So 1967 was a turning point?

Sternhell: The radicalisation of Jewish nationalism is a product of the Six Day War. For most people in Israel, especially those in power, national identity is far more important than democracy. I remember a famous rabbi, one of the settlement founders in Hebron, commenting soon after 1967 that democracy was not a Jewish value. For religious nationalists, liberal democracy is a foreign, dispensable concept. For them it is majority rule that counts.

The Prime Minister of Hungary would agree to that...

Sternhell: In my opinion what Viktor Orban says about illiberal democracy – he invented that expression – is bullshit. Democracy is either liberal or it does not exist.

Right-wing populists are currently in the ascendant, in the U.S. as well as in Europe.  How much do you see Israel embedded in this global trend?

Sternhell: Israeli right-wing nationalists undoubtedly feel encouraged by that fact that they are part of a global trend. They have close links to various right-wing parties in Europe. The Trump era will not last forever, but here in Israel the right have created a situation in which other Israelis see no alternative. Most Israelis consider the status quo as probably the best situation they can imagine.

Peace activists: waving both Israeli and Palestinian flags (photo: dpa)
"The opportunity to create two states has been missed many times. Unfortunately, those Palestinians who still dream of return are merely helping the Israeli right in their efforts to cement the current situation. A two-state solution might still be possible were we to retreat from the West Bank yet retain the settlements," says Zeev Sternhell

Does that mean the Middle East conflict will remain unresolved?

Sternhell: Do you know people who would be ready and able to go so far to solve the problem? No, they don’t exist. Right now the battle is as good as lost. As long as nothing dramatic happens during this nationalist disaster, as long as life is good and the economy is working, we have no reason to pick a fight with the settlers.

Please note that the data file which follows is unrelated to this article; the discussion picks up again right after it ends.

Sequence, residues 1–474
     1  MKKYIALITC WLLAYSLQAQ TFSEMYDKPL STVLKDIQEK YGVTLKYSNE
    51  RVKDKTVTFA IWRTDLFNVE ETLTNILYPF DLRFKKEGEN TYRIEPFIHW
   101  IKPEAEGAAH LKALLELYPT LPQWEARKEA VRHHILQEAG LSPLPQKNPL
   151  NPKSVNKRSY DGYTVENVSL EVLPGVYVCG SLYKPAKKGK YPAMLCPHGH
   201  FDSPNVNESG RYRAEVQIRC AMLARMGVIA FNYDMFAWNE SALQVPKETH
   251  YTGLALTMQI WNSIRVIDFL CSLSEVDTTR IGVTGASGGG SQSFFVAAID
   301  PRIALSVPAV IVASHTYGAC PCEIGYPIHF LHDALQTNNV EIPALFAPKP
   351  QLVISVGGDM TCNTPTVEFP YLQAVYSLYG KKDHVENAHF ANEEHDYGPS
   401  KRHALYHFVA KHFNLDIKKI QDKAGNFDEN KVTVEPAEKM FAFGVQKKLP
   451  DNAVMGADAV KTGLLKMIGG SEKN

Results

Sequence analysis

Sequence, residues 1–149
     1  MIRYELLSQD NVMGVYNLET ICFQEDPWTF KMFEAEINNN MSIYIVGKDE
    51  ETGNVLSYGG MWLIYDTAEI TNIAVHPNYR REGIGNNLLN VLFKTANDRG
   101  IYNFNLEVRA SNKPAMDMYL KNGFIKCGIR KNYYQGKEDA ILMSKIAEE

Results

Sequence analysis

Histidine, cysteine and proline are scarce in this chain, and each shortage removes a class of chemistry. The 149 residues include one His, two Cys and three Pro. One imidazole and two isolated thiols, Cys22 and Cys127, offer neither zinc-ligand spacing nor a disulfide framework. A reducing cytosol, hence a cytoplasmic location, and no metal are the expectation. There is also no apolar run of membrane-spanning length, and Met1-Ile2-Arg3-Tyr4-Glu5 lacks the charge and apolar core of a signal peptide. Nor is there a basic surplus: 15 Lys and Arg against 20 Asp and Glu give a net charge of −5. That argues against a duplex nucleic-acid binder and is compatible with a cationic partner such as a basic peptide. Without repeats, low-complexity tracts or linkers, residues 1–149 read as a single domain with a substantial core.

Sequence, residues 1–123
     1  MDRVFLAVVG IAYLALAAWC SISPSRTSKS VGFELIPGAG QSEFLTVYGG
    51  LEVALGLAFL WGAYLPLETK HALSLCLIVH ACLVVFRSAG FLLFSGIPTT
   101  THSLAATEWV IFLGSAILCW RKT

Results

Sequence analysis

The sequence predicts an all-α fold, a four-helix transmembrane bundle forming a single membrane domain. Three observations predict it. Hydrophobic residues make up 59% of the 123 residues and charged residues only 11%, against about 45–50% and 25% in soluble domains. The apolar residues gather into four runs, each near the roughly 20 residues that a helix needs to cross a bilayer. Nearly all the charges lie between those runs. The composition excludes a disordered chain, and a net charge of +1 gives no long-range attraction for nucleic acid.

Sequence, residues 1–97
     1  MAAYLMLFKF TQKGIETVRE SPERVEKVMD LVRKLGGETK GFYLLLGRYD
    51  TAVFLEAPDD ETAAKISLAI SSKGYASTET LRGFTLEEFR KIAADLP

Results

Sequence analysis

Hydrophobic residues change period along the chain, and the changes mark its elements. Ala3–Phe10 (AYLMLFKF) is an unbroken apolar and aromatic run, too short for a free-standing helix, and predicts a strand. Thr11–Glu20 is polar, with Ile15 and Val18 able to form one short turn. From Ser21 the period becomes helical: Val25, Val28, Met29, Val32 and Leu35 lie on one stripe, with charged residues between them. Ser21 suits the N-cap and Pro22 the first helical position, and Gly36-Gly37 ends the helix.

But without a solution to the Palestinian question there can be no democratic Israeli state with a Jewish majority in the long term. Already almost as many Arabs as Jews live between the Mediterranean Sea and the Jordan River.

Sternhell: For the Jewish majority the Arab vote does not count. Tommy Lapid from the Future party and Avi Gabbay, the head of Labour – Netanyahuʹs sole challengers – have already declared that they will not collaborate with the Arab parties, the Joined List. The right-wing settlers have managed to create a state within the state. They are stronger than we are, because they are ready to die for their ideas, while we are not.

What is all this leading to? Will it be one state at the end?

Sternhell: The opportunity to create two states has been missed many times. Unfortunately, those Palestinians who still dream of return are merely helping the Israeli right in their efforts to cement the current situation. A two-state solution might still be possible were we to retreat from the West Bank yet retain the settlements. We are however incapable of achieving that on our own. A real solution cannot be reached without bringing together Israel, the Palestinians, the Arab states, the USA and Europe – to all intents and purposes, a Sisyphean task.

Interview conducted by Inge Gunther

© Qantara.de 2018

Zeev Sternhell, 83, Israeli historian and political scientist, is one of the worldʹs leading experts on fascism. For many years he ran the Political Science Department at the Hebrew University. In 2008 he was awarded the prestigious Israel Prize. In the same year, he narrowly survived an attack by a right-wing extremist when a pipe bomb exploded in front of his house in Jerusalem. Sternhell has nevertheless continued to speak out, writing insightful and outspoken columns for Haaretz newspaper, in which he is openly critical of Israelʹs occupation and settlement policies.

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